Are you spiritual but not religious? Maybe you are religious but not spiritual. What do those categories even mean? Are we always going to find ourselves in an Inigo Montoya moment, “You keep using that word . . . “
Religion observers and Christian leaders have for some time been offering explanations for a decline in church attendance in the West. Some contend we are experiencing an end of Christendom, a period where Christianity played a socio-cultural role in nearly every area of civic life. Others viewed the shift as a move away from religion altogether. New descriptions like the Nones and Dones have become new sociological categories used when conducting surveys of the religious habits of Americans. Is that too narrow?
Meet my new friend David Zahl. His new book, Seculosity: How Career, Parenting, Food, Politics, and Romance Became Our New Religion and What To Do About It, offers a different perspective on the religiosity of Americans. It is not that his idea would not have explanatory power in the West or even other parts of the world. But his personal context is the United States.
One of my friends uses the phrase to describe his departure from Christianity, “I left the building.” If you are a literalist you may miss the layers of this self-description. I have contended that some leave the building without leaving the Faith. After reading David’s book, I am left wondering if Religion has left the building. And, if it has, that is a good thing.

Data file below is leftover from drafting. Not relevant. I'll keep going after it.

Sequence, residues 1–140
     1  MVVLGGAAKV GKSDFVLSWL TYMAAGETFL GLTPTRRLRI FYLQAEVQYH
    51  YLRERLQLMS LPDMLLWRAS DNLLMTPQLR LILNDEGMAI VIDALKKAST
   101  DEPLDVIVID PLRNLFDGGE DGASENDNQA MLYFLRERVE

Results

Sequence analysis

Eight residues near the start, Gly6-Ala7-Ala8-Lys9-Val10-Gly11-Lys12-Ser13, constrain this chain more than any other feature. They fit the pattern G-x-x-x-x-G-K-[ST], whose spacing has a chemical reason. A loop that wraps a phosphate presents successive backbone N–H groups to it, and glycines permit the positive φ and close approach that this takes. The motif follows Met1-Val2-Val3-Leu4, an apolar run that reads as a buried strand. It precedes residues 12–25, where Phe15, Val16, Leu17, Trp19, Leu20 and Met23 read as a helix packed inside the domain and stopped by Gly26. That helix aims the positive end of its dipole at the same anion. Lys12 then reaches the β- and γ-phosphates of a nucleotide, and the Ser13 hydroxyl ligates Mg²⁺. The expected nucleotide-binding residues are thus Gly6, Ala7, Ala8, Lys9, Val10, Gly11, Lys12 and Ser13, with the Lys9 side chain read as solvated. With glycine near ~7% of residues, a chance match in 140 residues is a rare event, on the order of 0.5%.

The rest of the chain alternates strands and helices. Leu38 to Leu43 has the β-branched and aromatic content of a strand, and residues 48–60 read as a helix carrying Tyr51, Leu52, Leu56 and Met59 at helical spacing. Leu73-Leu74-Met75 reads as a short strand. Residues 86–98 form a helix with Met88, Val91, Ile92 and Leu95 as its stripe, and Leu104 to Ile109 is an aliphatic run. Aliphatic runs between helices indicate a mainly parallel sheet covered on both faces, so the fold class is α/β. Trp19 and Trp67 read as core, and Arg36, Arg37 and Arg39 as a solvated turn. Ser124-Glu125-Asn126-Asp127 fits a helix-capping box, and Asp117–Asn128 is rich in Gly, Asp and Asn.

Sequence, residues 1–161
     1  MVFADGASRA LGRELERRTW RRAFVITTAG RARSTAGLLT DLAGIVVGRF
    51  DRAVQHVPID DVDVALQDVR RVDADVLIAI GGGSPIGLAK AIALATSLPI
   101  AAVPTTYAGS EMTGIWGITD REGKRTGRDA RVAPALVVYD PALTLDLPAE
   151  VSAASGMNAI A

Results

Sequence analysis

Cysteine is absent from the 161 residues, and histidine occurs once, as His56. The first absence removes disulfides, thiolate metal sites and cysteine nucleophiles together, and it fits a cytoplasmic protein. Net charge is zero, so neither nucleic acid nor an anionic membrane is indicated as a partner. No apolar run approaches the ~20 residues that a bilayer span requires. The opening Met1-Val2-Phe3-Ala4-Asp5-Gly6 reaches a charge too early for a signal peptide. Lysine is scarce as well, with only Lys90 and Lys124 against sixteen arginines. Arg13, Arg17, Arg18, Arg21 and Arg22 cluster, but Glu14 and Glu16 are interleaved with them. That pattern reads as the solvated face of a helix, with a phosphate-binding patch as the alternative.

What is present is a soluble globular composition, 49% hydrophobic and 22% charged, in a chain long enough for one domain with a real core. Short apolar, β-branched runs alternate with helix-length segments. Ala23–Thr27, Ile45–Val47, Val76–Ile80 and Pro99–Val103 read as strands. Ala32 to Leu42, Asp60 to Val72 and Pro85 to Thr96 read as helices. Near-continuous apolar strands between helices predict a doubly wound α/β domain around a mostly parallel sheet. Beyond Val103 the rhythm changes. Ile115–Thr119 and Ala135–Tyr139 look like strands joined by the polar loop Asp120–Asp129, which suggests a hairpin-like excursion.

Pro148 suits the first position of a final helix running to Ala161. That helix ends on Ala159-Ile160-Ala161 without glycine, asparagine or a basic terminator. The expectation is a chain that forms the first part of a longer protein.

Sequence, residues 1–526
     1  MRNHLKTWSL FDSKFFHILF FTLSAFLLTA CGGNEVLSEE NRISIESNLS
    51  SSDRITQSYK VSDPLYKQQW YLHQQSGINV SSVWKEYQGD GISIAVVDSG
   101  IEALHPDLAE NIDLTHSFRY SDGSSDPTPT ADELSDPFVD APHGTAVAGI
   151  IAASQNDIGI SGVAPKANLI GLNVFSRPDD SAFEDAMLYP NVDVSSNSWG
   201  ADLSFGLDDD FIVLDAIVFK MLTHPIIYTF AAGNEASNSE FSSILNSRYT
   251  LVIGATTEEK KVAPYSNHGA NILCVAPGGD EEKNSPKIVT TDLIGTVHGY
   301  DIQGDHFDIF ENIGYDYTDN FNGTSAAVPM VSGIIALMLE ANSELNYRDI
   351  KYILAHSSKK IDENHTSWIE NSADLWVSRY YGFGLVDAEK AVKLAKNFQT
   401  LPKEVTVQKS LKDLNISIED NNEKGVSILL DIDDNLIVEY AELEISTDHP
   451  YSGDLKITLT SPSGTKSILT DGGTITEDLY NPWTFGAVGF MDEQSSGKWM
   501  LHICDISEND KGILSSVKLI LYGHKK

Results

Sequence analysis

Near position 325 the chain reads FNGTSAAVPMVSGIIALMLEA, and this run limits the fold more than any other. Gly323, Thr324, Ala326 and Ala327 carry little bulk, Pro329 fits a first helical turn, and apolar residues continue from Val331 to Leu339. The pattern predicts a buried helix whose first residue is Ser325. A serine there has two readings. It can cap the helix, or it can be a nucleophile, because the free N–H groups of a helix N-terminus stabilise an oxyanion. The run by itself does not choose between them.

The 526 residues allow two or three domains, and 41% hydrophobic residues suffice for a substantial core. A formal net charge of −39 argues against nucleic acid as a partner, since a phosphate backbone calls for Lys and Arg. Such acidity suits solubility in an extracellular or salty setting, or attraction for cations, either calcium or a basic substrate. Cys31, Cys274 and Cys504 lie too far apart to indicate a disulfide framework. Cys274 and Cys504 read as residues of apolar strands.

Christianity may be classified, categorized, as a religion. But, I would argue, at its core is anti-religion. That religion has left the building should be good news for the Church, for Christianity. Here I use Religion as a set of rules to live by. Christianity may be, and certainly has been, used or practiced by some as a Rule of Life. Doing so makes of Christianity the very thing that Jesus came to liberate human beings from. Bookkeeping according to a set of rules is not grace at any level. Submitting to a new set of rules for life is merely exchanging one capricious task master for another. Jesus offers something different – grace.
If you have not been persuaded by my little blog blurb to head over and order a copy of
David Zahl is the director of Mockingbird Ministries and editor-in-chief of the Mockingbird blog. Born in New York City and brought up elsewhere, David graduated from Georgetown University in
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